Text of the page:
Butcheries close shop as meat ban hits hard
The suspension of all exports of cattle and related meat products by the Botswana government following suspected cases of foot and mouth is beginning to hit citizens where it hurts: both in the pocket and the stomach!
Two weeks ago, on 24 August, The Acting Director of Veterinary Services, Kefentse Motshegwa announced the ban to allow authorities to investigate a suspected outbreak of the disease in the North-East District.
This followed a similar move in South Africa earlier in the month following detection in three provinces.
The ban on the movement of cattle and other cloven-hoofed animals is robbing the country of a significant amount in export revenue.
Botswana is one of the biggest exporters of beef to the European Union where it enjoys duty and quota free access.
According to the Bank of Botswana statistics, the country’s export earnings from beef dropped from US$130 million in 2010 to US$20 in 2020, representing a startling decline in revenue amid the Covid-19 pandemic.
The losses could more than double with the possibility of tens of thousands of infected cattle culled to control the spread of the disease.
The ripple effect of the ban is already being felt by the ordinary man on the streets of Francistown.
First to feel it were hawkers who make money by selling affordable meals to the masses.
Make-shift roadside restaurants once filled with life have been abandoned, while braai areas at popular night spots such as Areal L are looking ghostly.
In fact, the two popular butcheries in the complex have both temporarily closed, with a similar scenario playing out across the city, as butcheries in Area W, Bluetown and Somerset suffer similar fates.
A butchery owner in Donga, Legora Sianang, who ran out of stock at the weekend, told Voice Money if the situation does not improve he may also close shop.
“Business has come to a standstill as you can see. We only have chicken available, and cannot afford to source carcasses as far as Rakops as that’ll be too costly,” Sianang said, pointing to his empty freezer in despair.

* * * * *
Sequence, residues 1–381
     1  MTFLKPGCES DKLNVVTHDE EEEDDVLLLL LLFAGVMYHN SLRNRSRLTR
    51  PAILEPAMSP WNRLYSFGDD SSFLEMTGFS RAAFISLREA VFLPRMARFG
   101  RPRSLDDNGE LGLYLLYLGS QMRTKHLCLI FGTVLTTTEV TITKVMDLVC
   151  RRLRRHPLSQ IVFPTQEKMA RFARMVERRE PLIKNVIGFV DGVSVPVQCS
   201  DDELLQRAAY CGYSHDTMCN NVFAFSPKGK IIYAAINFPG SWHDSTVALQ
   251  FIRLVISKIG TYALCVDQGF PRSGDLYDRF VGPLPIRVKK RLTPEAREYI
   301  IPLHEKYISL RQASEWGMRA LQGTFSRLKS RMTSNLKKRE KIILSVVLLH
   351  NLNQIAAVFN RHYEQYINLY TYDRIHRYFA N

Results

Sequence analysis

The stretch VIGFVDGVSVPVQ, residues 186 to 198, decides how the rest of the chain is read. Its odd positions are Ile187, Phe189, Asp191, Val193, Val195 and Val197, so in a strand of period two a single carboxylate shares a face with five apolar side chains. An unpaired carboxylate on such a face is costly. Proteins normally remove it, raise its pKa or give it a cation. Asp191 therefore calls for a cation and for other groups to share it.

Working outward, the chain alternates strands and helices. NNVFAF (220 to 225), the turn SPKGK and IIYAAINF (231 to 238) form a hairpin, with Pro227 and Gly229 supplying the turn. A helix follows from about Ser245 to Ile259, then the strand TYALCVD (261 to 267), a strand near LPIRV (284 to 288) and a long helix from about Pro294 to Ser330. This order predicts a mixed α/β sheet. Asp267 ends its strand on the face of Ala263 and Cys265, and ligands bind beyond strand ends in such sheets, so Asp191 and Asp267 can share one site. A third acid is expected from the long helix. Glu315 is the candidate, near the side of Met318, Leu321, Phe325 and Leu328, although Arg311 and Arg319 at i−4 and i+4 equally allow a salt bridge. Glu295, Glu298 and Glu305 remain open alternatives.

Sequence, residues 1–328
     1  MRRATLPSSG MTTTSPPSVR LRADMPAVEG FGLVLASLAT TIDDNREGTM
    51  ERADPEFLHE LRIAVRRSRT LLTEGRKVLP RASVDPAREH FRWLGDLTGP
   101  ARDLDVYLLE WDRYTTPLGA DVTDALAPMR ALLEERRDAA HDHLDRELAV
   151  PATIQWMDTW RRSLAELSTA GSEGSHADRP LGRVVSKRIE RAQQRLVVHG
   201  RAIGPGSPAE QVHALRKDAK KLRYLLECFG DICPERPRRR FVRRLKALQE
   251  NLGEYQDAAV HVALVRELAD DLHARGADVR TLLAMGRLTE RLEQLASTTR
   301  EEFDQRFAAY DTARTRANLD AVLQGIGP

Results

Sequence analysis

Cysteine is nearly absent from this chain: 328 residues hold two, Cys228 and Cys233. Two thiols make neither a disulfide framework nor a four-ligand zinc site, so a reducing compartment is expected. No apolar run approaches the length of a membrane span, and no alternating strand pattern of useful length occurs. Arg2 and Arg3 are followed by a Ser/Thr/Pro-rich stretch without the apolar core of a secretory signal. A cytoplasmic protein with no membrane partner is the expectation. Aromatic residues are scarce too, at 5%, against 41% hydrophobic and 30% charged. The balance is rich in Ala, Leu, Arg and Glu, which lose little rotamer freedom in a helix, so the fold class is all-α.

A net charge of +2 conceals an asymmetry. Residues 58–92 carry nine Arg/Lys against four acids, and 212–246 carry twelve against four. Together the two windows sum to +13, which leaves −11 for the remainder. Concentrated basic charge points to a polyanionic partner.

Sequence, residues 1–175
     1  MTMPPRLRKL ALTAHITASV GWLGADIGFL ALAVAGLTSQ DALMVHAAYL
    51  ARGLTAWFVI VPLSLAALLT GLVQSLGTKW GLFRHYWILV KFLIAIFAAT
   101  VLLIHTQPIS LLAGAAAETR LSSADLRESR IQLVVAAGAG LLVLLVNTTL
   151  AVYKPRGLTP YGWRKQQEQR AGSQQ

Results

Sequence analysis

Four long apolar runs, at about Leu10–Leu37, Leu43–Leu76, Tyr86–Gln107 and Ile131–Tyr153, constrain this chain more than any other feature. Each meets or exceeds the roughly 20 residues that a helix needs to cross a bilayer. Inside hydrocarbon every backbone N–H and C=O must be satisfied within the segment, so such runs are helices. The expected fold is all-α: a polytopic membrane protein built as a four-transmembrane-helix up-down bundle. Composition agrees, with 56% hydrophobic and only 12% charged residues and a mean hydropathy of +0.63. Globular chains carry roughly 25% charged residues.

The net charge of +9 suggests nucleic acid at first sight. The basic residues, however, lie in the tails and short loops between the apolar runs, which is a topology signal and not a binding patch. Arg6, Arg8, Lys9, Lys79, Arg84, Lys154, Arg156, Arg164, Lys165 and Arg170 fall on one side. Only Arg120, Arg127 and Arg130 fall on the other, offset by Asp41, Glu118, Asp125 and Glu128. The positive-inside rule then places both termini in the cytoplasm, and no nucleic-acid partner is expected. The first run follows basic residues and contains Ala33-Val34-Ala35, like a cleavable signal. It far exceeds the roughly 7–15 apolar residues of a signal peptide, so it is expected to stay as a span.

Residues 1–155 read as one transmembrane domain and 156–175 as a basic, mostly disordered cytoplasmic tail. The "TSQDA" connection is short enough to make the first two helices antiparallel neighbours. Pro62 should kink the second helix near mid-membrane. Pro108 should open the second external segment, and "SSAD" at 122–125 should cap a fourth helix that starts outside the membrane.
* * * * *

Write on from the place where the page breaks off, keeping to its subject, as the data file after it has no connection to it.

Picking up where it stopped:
Sianang said being in Zone 6A, which is amongst the most affected, means it could be a while before normal operations resume.
“These are challenges we face as business people. We can only hope the situation is brought under control before it brings the city’s economy down,” said the Manager of the newly opened Xhail Butchery.
The situation is, however, different at United Butchery at Donga shops.
Manager, Thatayaone Nyambe says their stock ran out on Tuesday and they’ve been sourcing their meat in Rakops, 352km from Francistown.
Operating under the Botalaote Abattoir, United Butchery remains one of the few in Francistown to still have meat.
“We have a slaughter and warehouse. So when the ban was announced we still had stock, and we recently managed to buy more from Rakops,” he explained, adding sourcing meat from so far away has inevitably resulted in a rise in prices.
“Unfortunately prices have to increase; you do feel for customers but it’s the only way we can make profit!”
Nyambe’s statement was reiterated by Monarch Councillor, Gopolang Almando, who has witnessed small eateries in his ward close shop in the last two weeks.
“They’ve no choice. No one can make profit if stewing beef increases from P38 per kg to P65 per kg. It doesn’t make business sense,” he said.
Not only is the ban affecting the butcheries and hawkers, it also means traditional celebrations like paying of the dowry (magadi) have to be postponed.
Popular chef, Thapelo Delu, who’s usually engaged to cater at such events, told Voice Money some of his bookings are being cancelled due to lack of meat.
“Who’ll agree to get married when there’s no meat,” he asked.
“I was fully booked for September but already some of my clients are thinking of postponing. Usually I bring my own stock for these event, but currently I can’t find meat anywhere,” he grumbled.
“There’s plenty of chicken, but I doubt anyone will have a chicken only wedding,” added Chef Delu.